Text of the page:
New research from the University of Kansas found that the above-average concentrations of lead in the drinking water of the city of Flint, Mich., are associated with a sharp decline in fertility rates after just a year since the water became contaminated.
The lower fertility rate translated into a rise in miscarriages and fetal deaths. Researchers estimate that up to 276 more babies would have been delivered if the municipality hadn’t switched to another public water supply in 2014.
Study authors underlined that a plethora of studies have shown the negative effects of lead exposure on infants’ health. These effects include brain damage, impaired cognitive function, and damage to liver and kidneys.
Even though the effects of lead exposure on unborn babies haven’t been as thoroughly researched, a 2013 paper suggests that high concentration of lead in the expecting mother’s body can lead to the baby’s death.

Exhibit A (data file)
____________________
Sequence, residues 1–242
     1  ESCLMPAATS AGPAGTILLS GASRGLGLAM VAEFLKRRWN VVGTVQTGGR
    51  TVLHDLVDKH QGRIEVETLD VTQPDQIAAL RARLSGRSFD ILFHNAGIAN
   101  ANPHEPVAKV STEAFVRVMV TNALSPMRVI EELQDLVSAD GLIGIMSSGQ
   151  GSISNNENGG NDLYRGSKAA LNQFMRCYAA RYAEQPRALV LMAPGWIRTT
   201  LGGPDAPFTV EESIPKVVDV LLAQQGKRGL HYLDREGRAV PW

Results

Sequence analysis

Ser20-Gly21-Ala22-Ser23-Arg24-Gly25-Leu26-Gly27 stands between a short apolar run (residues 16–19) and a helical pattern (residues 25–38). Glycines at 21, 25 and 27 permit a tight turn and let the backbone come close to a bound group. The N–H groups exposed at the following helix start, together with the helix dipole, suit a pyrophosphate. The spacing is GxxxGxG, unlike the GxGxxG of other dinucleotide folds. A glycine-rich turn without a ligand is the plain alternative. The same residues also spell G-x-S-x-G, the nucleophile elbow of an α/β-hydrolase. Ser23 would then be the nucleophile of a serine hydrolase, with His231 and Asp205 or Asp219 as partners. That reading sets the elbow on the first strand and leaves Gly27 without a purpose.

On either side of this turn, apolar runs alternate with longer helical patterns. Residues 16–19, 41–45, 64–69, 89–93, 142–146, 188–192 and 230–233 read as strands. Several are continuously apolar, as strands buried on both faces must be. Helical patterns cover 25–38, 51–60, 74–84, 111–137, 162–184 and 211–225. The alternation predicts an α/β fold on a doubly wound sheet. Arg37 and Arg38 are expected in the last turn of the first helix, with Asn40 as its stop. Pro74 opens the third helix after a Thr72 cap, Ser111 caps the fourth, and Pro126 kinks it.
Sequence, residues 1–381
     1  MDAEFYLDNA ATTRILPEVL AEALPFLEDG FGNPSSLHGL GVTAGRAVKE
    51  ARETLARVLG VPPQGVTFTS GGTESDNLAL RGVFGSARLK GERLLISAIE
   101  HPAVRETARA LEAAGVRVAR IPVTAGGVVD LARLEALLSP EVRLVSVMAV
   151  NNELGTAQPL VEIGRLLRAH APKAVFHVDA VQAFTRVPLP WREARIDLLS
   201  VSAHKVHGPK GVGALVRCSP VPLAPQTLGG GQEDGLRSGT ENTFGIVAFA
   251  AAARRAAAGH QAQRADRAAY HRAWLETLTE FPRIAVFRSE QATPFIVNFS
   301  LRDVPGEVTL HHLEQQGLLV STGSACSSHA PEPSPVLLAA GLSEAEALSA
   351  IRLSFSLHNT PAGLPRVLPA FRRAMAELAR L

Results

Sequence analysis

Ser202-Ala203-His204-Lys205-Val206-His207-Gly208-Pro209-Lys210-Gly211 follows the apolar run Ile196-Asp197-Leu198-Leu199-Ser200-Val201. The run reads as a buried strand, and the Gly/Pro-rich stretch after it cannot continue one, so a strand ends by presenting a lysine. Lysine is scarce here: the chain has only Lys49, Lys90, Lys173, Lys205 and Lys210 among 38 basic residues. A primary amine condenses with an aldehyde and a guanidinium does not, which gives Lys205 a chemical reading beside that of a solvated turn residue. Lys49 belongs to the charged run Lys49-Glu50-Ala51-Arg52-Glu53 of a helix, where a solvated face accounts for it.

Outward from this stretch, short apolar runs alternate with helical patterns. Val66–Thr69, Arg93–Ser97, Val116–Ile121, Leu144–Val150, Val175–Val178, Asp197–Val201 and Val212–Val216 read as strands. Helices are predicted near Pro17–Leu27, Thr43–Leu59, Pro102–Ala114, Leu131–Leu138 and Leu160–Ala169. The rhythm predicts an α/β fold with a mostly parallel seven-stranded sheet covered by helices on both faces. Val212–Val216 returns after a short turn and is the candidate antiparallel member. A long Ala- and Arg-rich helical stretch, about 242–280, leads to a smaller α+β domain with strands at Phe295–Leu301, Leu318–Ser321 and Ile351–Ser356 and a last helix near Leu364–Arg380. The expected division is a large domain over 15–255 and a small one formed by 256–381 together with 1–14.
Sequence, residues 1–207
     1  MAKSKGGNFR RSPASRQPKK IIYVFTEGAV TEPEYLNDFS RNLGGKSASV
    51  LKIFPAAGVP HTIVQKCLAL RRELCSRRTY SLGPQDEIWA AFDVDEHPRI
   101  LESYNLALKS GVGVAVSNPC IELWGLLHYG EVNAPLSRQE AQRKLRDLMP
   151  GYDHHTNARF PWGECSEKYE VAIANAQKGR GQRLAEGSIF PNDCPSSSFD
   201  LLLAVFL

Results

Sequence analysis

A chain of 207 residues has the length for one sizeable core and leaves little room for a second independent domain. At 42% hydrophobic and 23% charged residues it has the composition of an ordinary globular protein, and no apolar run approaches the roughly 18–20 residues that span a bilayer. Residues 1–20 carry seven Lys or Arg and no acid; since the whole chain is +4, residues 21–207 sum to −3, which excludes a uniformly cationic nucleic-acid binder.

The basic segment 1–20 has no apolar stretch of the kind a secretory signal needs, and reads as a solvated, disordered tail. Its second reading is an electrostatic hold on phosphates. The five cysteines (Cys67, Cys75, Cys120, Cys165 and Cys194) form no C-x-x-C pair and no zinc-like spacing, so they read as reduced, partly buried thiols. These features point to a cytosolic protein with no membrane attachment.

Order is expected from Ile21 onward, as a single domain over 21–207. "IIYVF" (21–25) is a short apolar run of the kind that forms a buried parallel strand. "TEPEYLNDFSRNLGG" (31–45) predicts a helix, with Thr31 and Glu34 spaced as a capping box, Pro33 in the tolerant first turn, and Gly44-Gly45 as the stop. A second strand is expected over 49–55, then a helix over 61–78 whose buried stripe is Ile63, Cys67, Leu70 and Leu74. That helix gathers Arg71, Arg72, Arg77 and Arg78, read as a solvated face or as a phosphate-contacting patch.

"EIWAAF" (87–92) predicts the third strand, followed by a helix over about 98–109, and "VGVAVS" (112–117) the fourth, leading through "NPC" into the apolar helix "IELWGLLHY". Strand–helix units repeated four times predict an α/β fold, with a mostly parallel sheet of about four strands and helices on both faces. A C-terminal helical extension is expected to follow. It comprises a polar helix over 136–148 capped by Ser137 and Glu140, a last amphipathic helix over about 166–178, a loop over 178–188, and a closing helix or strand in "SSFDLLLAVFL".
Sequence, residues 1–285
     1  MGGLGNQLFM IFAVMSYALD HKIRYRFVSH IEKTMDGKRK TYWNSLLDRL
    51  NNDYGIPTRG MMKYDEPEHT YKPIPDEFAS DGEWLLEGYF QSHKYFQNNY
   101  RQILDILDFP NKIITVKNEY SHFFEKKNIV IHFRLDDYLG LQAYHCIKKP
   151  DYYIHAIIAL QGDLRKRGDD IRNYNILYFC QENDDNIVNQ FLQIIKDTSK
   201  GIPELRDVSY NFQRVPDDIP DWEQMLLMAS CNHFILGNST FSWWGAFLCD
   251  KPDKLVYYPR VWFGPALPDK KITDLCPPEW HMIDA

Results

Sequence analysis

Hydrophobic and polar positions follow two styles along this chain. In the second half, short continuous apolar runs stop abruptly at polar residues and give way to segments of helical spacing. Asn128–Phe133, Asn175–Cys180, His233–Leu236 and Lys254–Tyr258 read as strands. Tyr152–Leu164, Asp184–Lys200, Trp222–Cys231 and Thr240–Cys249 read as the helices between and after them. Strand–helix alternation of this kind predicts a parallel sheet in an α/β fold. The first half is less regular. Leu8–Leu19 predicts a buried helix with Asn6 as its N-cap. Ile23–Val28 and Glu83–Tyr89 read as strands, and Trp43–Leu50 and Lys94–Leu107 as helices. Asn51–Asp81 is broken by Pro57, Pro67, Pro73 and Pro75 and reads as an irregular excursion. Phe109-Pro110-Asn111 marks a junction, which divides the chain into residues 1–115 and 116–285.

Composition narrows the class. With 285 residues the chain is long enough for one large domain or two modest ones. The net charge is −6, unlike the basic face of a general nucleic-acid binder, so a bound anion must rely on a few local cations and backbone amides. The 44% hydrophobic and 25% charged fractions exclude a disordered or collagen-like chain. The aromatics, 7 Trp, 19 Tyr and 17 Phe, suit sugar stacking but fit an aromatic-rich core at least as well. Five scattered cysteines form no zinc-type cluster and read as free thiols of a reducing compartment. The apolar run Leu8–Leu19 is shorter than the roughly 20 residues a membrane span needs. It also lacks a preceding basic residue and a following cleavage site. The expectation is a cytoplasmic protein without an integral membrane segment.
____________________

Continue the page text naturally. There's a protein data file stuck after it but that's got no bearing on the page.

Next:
A 58% Jump in Fetal Mortality Rates
In Flint, the fetal mortality rate jumped 58 percent between 2014 and 2015. Yet, the number may be considerably higher since it doesn’t include miscarriages before 20 weeks, abortions, and the reporting was done by healthcare facilities, with many of cases going unreported.
Last year, the Environmental Protection Agency deemed the lead levels in Flint’s water safe, even though the concentrations surpassed those in Detroit by three times. Researchers agree that there is no consensus on how much lead drinking water should contain to be considered safe to drink, so the EPA’s assessment may be inaccurate.
According to some experts, the drop in the fertility rate in Flint may be caused by other factors such as other types of contaminants in the drinking water. What’s more, according to 2016 Census numbers, Flint is America’s poorest city, with 55 percent of its population living under poverty line, and 53 percent being black.
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